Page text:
Mathematical Mindsets: Chapter 2

Welcome to Week 2, Chapter 2 of Mathematical Mindsets by Jo Boaler. This week the chapter was on mistakes. Thank you to Kathie from Tried and True Teaching Tools for hosting this book study.

In Chapter 2, The Power of Mistakes and Struggle, Boaler puts the spotlight on the importance of mistakes. For some, this is a whole mind shift on how parents, students, and teachers should perceive mistakes. Mistakes are evidence of learning.

Key Takeaway: According to Carol Dweck, "Every time a student makes a mistake in math, they grow a synapse."  Yes, mistakes cause the brain to spark and grow. When the brain is challenged, the brain grows the most (11-12).

Classroom Connections:
  • Mistakes happen to the best of us. It is important for students to understand this. Sharing famous people and athletes who have made mistakes/failed and how they overcame those obstacles can be tangible evidence that it takes mistakes/failure to be the best. Two quotes I often share with my students are those associated with Thomas Edison and Michael Jordan.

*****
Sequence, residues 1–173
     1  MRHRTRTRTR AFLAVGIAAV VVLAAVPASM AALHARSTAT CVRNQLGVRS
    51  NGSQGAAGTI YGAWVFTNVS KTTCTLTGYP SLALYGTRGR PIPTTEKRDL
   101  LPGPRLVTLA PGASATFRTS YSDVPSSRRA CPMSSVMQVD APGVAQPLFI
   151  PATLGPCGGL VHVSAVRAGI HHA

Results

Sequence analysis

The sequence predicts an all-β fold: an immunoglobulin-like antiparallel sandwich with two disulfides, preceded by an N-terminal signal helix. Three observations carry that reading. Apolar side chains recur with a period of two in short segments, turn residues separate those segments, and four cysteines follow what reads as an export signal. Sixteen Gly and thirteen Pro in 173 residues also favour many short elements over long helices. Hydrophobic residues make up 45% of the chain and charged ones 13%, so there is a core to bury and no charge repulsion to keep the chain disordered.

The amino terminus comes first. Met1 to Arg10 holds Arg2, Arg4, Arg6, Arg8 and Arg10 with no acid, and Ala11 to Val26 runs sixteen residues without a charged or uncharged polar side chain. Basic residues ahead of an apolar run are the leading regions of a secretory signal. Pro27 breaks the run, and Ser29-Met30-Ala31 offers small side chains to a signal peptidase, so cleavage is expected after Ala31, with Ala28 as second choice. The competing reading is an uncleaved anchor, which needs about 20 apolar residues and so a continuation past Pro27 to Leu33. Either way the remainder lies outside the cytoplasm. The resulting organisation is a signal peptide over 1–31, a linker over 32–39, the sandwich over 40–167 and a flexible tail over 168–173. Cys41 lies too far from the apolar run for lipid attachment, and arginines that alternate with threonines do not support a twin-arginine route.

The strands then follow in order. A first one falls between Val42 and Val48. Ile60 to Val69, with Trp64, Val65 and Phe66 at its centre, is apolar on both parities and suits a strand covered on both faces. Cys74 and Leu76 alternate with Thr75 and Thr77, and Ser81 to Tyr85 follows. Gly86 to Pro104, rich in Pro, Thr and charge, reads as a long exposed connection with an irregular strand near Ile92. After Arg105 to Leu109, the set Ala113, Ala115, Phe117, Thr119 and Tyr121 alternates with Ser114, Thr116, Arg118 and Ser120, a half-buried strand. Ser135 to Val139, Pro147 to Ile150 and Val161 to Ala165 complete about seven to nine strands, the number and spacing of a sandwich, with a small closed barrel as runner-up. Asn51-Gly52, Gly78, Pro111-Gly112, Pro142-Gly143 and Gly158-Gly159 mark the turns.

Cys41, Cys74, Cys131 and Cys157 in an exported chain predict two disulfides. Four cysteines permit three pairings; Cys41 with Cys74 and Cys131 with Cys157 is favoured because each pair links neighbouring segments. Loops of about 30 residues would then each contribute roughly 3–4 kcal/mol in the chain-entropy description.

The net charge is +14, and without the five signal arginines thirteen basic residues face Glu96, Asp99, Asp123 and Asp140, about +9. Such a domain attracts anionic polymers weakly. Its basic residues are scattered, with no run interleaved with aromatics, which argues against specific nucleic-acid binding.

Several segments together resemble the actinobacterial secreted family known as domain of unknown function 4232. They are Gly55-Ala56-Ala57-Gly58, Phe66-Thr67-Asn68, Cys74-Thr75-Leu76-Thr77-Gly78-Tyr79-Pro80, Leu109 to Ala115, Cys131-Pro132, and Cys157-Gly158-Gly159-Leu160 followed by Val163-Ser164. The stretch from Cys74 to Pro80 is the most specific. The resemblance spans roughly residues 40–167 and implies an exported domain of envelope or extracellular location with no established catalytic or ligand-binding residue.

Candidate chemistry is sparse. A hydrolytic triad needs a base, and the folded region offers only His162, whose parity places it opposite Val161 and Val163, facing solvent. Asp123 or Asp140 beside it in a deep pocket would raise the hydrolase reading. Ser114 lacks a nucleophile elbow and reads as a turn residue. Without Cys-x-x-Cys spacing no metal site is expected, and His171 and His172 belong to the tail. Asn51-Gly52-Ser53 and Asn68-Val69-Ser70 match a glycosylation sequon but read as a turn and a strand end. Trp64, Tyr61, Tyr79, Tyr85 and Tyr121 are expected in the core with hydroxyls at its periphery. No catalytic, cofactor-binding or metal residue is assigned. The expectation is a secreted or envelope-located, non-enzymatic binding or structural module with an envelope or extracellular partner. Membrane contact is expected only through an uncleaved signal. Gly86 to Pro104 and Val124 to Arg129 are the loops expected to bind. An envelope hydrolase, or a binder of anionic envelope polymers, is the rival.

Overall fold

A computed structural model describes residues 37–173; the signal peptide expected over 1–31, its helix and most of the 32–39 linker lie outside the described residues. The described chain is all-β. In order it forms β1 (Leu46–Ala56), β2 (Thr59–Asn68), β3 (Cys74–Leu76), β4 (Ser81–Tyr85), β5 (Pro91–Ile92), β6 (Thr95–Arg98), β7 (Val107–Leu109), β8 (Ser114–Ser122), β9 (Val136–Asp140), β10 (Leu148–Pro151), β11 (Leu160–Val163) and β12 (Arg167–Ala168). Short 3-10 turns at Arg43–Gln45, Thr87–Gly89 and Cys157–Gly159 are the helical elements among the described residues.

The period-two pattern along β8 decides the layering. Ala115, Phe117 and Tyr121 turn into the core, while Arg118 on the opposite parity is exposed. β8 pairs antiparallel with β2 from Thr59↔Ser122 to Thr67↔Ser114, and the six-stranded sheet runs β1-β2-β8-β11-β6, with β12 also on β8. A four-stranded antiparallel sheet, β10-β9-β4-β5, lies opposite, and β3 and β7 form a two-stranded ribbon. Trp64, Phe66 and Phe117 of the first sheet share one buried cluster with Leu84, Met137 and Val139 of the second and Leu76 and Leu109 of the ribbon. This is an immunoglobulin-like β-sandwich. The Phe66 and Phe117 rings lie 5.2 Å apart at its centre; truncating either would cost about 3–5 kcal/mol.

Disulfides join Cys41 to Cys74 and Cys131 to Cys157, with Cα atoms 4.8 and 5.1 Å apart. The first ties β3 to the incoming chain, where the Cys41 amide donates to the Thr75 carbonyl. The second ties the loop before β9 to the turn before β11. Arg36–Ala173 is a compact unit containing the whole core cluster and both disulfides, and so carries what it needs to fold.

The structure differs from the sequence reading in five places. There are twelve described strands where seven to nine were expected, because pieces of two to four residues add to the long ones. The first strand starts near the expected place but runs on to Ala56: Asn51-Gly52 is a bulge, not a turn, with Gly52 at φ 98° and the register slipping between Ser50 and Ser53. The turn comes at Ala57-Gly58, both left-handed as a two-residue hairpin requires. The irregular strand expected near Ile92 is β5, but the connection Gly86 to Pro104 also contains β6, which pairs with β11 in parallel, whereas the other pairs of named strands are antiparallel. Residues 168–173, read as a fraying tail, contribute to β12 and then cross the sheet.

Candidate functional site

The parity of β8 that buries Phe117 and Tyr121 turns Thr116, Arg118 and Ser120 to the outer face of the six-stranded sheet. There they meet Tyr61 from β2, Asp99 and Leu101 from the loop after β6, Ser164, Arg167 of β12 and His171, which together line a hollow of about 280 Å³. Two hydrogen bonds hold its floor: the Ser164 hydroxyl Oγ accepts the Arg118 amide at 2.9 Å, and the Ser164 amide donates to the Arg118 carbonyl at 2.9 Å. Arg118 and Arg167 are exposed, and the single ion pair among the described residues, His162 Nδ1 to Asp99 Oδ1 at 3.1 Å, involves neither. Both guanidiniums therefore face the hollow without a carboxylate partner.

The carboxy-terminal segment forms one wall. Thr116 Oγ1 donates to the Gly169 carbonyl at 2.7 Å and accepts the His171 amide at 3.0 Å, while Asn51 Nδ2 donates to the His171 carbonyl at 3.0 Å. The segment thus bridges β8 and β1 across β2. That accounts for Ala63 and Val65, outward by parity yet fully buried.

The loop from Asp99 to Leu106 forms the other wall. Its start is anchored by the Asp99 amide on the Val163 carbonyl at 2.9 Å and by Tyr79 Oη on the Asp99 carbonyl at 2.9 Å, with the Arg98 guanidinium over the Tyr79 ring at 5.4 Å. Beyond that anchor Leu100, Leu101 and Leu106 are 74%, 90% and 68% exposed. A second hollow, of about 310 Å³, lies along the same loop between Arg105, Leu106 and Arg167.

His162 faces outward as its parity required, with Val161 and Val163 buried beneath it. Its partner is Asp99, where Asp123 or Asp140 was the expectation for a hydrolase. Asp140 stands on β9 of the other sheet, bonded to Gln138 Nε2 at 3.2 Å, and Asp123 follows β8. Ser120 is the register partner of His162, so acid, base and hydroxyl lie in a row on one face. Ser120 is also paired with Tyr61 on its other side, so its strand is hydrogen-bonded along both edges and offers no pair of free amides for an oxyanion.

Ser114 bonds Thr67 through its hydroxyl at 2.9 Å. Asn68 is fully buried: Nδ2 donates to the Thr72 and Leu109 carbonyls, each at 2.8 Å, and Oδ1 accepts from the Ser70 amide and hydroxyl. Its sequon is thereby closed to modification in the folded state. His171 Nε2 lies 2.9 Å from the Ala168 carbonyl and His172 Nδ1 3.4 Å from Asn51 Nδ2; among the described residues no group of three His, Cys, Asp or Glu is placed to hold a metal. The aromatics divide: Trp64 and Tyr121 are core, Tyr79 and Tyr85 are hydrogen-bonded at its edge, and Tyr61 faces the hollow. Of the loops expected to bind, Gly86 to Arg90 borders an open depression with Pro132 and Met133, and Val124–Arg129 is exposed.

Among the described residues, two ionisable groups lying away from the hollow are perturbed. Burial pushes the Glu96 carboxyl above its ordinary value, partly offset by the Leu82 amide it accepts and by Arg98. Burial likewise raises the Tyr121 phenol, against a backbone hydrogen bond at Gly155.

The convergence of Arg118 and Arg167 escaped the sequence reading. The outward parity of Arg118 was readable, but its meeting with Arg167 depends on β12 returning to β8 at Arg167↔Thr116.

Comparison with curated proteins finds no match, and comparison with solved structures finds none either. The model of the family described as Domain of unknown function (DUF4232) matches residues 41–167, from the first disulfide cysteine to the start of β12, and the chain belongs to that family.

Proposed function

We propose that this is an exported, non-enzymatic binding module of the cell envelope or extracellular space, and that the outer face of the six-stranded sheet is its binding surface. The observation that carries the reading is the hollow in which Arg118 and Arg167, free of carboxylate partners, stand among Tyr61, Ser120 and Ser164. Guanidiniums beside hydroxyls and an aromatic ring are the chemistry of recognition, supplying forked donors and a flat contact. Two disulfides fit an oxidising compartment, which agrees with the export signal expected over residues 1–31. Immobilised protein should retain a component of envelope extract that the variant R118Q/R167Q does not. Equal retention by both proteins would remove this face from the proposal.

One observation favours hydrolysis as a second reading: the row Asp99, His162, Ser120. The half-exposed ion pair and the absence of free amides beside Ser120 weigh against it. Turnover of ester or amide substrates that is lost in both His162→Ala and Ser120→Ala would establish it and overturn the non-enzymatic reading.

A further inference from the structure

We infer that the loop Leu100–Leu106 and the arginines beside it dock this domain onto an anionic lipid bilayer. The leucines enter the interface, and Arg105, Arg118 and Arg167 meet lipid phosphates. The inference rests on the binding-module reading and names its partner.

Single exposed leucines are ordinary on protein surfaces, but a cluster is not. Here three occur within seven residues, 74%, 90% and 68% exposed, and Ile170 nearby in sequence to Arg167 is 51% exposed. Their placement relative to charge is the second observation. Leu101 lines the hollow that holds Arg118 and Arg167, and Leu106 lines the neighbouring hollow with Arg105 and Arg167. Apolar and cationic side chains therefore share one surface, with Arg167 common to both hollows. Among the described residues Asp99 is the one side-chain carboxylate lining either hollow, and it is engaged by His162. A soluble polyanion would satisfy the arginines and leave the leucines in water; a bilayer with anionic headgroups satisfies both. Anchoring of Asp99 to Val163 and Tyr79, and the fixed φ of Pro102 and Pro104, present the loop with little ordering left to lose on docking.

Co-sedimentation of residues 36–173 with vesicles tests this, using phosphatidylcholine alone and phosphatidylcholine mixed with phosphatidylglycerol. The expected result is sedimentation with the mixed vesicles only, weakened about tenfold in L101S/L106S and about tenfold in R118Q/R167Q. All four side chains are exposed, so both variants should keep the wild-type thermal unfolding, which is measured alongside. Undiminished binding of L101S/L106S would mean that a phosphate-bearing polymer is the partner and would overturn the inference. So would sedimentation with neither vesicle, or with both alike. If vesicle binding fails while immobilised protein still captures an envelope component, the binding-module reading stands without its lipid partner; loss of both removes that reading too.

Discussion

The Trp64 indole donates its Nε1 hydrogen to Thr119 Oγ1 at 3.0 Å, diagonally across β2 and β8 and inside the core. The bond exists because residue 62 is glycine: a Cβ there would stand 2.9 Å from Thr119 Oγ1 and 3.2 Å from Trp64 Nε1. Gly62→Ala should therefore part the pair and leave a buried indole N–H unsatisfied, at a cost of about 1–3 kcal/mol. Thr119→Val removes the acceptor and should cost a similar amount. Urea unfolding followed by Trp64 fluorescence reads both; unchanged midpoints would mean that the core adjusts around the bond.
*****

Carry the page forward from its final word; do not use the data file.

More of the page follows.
• Thomas Edison: I've not failed. I have found 10,000 ways that won't work. 
    • Michael Jordan: I have missed more than 9,000 shots in my career. I've lost almost 300 games. 26 times I've been and trusted to take the game winning shot and missed. I've failed over and over and over again in my life, and that is why I succeed. (Here is a YouTube video for this quote: Michael Jordan video.)
  • Creating posters of Peter Sims's Habits of Successful People (14) can help to remind students to play with math and approach math differently. It would be important to explicitly talk about each habit so students know what each "looks" like and "sounds" like.
    • Feel comfortable being wrong
    • Try seemingly wild ideas
    • Are open to different experiences
    • Play with ideas without judging them
    • Are willing to go against traditional ideas
    • Keep going through difficulties 
  • Mistakes happen. Having students analyze their mistakes can be helpful. Was the mistake a silly mistake, a math mistake, or a process mistake? Here is an image of an anchor chart similar to one students keep as a reference: Math Mistakes.
Ultimately, we want our students to feel comfortable with making mistakes and learning from them. Mistakes are opportunities for learning! Come back next week for Chapter 3, The Creativity and Beauty in Mathematics.

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